2
$\begingroup$

If I understood correctly the XGBoost is a framework that operates on gradient tree boosting. It means that behind the scenes, it uses a decision tree to make a prediction. So, from what I read in the Introduction to Statistical Learning by G.James et al., I should obtain a finite number of predicted values. This deduction comes from a particular fragment (chapter 8, p. 306), namely:

  1. We divide the predictor space—that is, the set of possible values for X1,...,Xp into J distinct and non-overlapping regions, R1,...,RJ.
  2. For every observation that falls into the region Rj, we make the same prediction, which is simply the mean of the response values for the training observations in Rj.

Suppose that in Step 1, we obtain two regions and that the response mean of the training observations in the first region is 10, while the response mean in the second region is 20. Then for a given observation X = x, if x ∈ R1, we will predict a value of 10, and if x ∈ R2, we will predict a value of 20.

After having trained the model with maximum depth of 10 (that would give 1024 distinct nodes), I made predictions on a test set and I found out that I have 524000 distinct values which means that I have a unique value for each row in the dataset.

In the light of the quoted fragment, my question is - why is it so? Why are all my predicted values distinct?

Here's my python code, if it's needed:

XGB_PARAMETERS = {
    'eta': 0.2, 
    'nthread': 4, 
    'min_child_weight': 30,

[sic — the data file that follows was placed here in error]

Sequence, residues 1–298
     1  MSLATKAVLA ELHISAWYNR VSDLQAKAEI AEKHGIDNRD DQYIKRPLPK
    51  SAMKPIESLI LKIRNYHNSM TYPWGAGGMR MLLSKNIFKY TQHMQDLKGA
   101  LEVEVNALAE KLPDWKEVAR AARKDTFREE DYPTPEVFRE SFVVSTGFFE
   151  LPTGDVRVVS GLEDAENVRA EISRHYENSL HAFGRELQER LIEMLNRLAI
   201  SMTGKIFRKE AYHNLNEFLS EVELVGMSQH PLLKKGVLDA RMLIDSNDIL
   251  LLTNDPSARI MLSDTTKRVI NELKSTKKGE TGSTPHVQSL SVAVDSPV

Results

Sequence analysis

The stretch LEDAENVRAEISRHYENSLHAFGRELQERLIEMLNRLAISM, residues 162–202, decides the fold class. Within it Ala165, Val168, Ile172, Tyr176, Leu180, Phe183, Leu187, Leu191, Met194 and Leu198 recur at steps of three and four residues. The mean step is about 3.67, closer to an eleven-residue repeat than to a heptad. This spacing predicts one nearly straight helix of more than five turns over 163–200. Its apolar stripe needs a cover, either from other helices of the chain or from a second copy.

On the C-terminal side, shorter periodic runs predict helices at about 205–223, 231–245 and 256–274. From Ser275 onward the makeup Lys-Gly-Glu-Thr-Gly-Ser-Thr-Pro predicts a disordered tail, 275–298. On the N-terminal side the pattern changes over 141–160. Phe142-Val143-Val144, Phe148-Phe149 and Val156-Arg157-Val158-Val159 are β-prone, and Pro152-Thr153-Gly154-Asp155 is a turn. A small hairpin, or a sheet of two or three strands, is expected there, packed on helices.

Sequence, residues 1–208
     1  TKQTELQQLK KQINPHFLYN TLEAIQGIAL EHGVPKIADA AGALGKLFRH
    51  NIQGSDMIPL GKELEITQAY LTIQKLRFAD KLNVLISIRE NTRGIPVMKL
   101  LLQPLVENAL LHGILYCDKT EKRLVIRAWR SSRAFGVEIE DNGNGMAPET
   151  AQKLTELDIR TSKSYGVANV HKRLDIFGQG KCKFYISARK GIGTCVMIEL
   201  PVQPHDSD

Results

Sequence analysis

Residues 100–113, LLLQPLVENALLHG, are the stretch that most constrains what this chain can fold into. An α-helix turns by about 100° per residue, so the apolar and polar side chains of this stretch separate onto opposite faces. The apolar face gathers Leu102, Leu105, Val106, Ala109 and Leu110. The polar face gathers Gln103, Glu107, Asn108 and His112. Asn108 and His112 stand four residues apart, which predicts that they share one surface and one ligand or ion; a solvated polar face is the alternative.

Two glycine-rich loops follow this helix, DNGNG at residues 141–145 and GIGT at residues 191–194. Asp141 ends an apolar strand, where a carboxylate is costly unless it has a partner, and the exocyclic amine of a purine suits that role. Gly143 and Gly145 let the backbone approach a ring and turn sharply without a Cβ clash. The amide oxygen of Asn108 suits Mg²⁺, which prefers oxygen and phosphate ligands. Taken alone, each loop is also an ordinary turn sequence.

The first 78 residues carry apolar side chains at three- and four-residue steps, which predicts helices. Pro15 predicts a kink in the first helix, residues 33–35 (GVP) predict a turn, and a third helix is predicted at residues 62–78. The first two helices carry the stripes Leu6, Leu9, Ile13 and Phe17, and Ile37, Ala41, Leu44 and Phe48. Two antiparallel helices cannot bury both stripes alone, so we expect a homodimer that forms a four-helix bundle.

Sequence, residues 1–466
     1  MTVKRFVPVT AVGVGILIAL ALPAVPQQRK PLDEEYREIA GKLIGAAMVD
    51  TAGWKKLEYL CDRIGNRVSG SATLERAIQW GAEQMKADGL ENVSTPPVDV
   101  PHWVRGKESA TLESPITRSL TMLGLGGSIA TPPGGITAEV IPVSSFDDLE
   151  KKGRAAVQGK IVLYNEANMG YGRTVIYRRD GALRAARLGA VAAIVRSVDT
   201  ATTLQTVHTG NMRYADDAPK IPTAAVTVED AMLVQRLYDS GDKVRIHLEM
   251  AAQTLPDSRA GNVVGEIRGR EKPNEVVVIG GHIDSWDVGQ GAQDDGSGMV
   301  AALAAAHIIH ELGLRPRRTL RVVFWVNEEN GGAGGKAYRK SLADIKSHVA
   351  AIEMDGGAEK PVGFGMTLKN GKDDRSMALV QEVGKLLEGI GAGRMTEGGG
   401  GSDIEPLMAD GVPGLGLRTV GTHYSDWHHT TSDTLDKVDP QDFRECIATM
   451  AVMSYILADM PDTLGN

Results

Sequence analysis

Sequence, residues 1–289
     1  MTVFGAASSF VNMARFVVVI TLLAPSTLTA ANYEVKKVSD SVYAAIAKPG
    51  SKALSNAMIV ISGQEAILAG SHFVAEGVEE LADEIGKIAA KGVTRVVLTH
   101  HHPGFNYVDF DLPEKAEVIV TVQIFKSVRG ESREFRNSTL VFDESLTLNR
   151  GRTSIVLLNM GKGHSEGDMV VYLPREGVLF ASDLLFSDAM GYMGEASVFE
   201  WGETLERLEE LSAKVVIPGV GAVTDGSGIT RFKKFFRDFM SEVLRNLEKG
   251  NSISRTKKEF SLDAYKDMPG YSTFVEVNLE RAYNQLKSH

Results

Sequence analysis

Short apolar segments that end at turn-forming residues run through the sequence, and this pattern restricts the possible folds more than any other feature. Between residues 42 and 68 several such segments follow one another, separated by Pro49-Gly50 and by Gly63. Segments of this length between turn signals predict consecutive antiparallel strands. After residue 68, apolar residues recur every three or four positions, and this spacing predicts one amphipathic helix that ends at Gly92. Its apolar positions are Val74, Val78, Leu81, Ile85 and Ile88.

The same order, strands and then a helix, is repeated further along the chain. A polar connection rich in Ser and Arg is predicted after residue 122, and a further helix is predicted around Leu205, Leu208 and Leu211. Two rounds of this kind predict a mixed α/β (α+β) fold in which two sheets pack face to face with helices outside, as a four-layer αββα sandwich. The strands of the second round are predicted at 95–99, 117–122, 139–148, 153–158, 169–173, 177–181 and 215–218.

'max_depth': 10,
    'colsample_bytree': 0.7, 
    'subsample': 0.8,        
    'eval_metric': 'rmse',
    'silent':1
 }

model = xgb.train(
    XGB_PARAMETERS,
    d_test,
    150,
    watchlist,
    early_stopping_rounds=10,
    maximize=False,
    verbose_eval=10)

d_final_test = xgb.DMatrix(test[f2].values)
ypred = model.predict(d_test)
y_test = model.predict(d_final_test)
test['duration'] = np.exp(y_test) - 1
$\endgroup$
  • $\begingroup$ You mean, how I checked that all values are distinct? I just executed print(len(test['duration'].unique())) $\endgroup$ – mångata Feb 10 at 19:51
  • 2
    $\begingroup$ Your trees may have a maximum depth of 10, but you have 150 of them, and the final prediction is a weighted sum of each of the 150 individual trees' predictions... that gives a lot of possible values as the output, even allowing for correlation between trees. $\endgroup$ – jbowman Feb 10 at 21:35
2
$\begingroup$

This code is defining a GBM of 150 trees with maximum depth 10. The predicted values are therefore not based on a single (rather deep) tree but actually on the ensemble of 150 trees. Given that each tree can potentially estimate $1024$ different values theoretically we can have up to $1024^{150}$ distinct values which is a relatively affluent number. I would suggest using a very small number of leaves as well as trees and then slowly increase the number of trees; that way the recursive partitioning of the sample space (through piece-wise flat functions) is will be easier to visualise.

$\endgroup$
0
$\begingroup$

Perhaps it's because you are using subsample, which means that you are enabling stochastic gradient descent. See the parameters documentation.

$\endgroup$

Your Answer

By clicking “Post Your Answer”, you agree to our terms of service, privacy policy and cookie policy

Not the answer you're looking for? Browse other questions tagged or ask your own question.